My vision became running a cycling racewear business that was self-sufficient and could operate without me. Enabling other owners to do this too in their business is now my vision for Evolve to Grow. I want people like you to have time and freedom in business.
If I had to rank my vision for my businesses, it would read like this:
Obviously, your vision will get more focused the more you commit to working on it.
I’ve keenly observed somebody within my business network over the course of the last 12 months. This person is an example you must learn from.
As it stands, they currently run two businesses – one marketing and one Not-For-Profit (NFP). Already there’s competing interests and lack of vision.
It seems that one week marketing gets their attention, and then the next the NFP does. I’ve tried my best, as have others, to get this person focusing on one venture and to get them to articulate what they want out of life and how business can support that.
But if somebody is not willing to work on their vision, there’s only so much I can do.
As a result, they’ve recently taken a job as a digital marketer for a corporate. Apparently this will still allow time to work on two others businesses.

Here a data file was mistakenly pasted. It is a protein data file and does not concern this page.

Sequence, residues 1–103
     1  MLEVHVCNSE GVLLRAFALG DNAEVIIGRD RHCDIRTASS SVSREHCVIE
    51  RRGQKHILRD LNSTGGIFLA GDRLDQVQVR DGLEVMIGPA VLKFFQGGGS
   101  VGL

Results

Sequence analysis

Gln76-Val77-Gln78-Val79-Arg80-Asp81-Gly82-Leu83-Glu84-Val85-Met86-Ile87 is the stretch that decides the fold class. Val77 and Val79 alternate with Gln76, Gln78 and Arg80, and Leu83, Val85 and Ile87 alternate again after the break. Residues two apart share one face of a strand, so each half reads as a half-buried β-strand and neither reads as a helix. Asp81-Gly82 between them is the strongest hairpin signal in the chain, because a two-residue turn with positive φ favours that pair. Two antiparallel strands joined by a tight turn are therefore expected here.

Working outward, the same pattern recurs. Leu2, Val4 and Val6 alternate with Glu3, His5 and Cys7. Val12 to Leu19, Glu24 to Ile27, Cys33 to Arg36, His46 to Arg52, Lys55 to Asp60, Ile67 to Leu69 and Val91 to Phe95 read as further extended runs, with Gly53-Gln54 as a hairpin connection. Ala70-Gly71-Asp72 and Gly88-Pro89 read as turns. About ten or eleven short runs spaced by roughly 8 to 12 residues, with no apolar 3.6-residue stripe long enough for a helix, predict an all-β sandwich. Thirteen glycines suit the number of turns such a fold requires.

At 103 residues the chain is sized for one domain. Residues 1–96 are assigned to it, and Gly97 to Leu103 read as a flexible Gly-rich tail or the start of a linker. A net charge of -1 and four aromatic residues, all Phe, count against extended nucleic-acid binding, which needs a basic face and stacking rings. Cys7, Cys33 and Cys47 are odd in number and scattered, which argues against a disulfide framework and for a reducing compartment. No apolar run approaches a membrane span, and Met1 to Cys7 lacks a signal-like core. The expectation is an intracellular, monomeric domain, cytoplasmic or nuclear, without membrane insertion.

When vision is all over the place, we end up working towards nothing.
I don’t want you to be like them, so there are a few questions that you need to address to hone in on your vision:
Start to bullet-point down your answers and let it simmer. Leave it alone for a few days, before coming back to re-process your thoughts and write out one line answers to each question.
While vision can be reached by yourself, it’s best to include others who are capable of providing a different viewpoint and can hold you accountable to the things you say.
Vision is the first step that naturally leads on to forming your mission and values. Without the correct mission, I don’t believe you’ll achieve much in business.
What’s your vision and is it the correct one?